BERLIN, June 27 (Xinhua) -- Germany's former foreign minister Sigmar Gabriel (SPD), who was also the economy minister from 2013 to 2017, will join the supervisory board of the recently-merged European train manufacturing company Siemens-Alstom, the German newspaper "BILD" reported on Wednesday.
The responsible ethics committee did not perceive a conflict of interest in Gabriel's career change and recommended a limited cooling-down period of 12 months before Gabriel can complete his move to the private sector. The Siemens-Alstom board is only scheduled to convene for the first time in March 2019, just over a year since the former foreign minister's political retirement.
As a consequence, Gabriel appears to have cleared the single most significant regulatory obstacle to his appointment by Siemens-Alstom.
Commenting on the report on Wednesday, government spokesperson Steffen Seibert said that an official announcement on the personnel decision would soon be made.
Gabriel told the German press agency (dpa) that he had already agreed to take up the job six weeks ago given that Siemens-Alstom is not scheduled to be formally incorporated until the start of next year. The formal appointment can only take place when the Siemens and Alstom have both nominated a total of six board members for the merged railway manufacturer respectively.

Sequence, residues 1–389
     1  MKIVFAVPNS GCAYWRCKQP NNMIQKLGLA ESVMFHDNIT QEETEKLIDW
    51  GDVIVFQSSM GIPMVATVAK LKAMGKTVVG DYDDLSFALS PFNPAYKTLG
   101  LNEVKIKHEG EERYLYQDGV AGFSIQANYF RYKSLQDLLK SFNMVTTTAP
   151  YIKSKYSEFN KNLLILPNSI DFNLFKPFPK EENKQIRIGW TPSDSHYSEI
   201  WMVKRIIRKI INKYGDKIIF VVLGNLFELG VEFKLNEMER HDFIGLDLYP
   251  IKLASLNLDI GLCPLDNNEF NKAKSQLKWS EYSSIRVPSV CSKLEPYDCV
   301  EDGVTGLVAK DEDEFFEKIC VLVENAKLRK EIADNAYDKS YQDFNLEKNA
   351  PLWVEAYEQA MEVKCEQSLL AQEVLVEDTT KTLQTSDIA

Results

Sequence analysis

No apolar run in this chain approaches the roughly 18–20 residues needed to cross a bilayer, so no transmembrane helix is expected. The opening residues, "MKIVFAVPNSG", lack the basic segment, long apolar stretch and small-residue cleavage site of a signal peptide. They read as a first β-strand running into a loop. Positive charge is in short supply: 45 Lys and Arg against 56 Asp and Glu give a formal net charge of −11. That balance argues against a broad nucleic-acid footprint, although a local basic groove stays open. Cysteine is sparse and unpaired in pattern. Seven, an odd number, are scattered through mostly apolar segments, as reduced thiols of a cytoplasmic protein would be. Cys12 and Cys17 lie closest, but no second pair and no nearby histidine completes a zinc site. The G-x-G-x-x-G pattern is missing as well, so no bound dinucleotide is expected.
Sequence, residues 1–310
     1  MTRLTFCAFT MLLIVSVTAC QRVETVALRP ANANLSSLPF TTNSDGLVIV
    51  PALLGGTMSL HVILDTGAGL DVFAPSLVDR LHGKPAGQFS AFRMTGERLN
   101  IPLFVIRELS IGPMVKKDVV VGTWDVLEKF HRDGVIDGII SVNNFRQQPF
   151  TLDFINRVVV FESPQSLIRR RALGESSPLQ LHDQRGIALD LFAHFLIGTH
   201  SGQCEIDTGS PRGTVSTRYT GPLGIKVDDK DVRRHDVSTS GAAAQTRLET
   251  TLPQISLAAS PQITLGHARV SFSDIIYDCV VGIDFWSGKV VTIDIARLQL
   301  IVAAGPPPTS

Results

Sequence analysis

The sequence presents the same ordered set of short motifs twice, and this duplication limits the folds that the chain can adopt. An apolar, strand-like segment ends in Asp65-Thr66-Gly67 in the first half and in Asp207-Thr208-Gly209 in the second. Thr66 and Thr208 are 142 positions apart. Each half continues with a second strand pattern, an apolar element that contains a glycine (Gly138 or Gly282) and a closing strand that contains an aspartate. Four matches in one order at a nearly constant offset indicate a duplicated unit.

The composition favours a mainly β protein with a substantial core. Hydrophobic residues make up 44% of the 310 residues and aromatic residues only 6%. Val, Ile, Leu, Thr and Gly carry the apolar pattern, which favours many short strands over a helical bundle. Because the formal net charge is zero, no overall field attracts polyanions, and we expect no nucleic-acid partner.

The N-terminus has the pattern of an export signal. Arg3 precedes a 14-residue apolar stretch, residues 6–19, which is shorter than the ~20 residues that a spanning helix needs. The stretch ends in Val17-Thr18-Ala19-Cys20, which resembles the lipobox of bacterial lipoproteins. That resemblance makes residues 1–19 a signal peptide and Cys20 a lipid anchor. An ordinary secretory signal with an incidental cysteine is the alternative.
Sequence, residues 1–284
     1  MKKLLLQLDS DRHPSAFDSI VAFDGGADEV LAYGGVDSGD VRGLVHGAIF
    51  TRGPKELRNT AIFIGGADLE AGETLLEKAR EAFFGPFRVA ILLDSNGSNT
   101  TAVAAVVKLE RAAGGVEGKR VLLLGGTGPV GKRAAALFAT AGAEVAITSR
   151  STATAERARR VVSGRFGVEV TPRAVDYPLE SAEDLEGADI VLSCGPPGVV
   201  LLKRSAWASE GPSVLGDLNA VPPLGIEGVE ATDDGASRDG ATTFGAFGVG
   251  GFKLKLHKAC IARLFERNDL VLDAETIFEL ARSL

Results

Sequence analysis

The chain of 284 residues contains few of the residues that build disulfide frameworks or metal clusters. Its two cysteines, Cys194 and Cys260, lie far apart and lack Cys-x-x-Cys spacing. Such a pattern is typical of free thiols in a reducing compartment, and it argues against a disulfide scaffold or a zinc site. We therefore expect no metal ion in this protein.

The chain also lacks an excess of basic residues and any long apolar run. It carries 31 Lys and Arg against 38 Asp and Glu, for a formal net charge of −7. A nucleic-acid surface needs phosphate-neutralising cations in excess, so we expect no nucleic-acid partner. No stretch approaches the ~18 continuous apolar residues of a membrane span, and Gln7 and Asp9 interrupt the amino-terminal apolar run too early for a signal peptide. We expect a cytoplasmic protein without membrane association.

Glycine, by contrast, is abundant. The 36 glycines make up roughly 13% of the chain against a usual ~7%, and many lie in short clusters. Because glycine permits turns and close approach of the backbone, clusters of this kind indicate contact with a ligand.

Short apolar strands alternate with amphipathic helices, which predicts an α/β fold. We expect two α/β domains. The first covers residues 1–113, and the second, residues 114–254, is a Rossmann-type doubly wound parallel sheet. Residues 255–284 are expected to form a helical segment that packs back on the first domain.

"Of course, I have ensured that I am in full compliance with regulations for former members of the federal government which were established during the last legislative period," Gabriel told press earlier. Back in his role as minister for the economy in 2014, Gabriel was involved in failed discussions between Siemens and Alstom over a potential sale of the latter's power plant business.
Siemens and Alstom both announced the fusion of their train manufacturing units in the fall of 2017. The producers of the ICE and TGV highspeed trains want to grow by more than 4 percent per year together and achieve combined revenue of more than 20 billion euros as "Siemens Alstom" by 2023.
Aside from his role on Siemens-Alstom's supervisory board, the former foreign minister will offer advisory services to the non-governmental organization International Crisis Group and hold lectures at the Harvard University in the U.S. this fall.
Gabriel was Germany's most popular politician in opinion polls when his term expired but was not asked by the SPD leadership to re-join Chancellor Angela Merkel's fourth governing cabinet.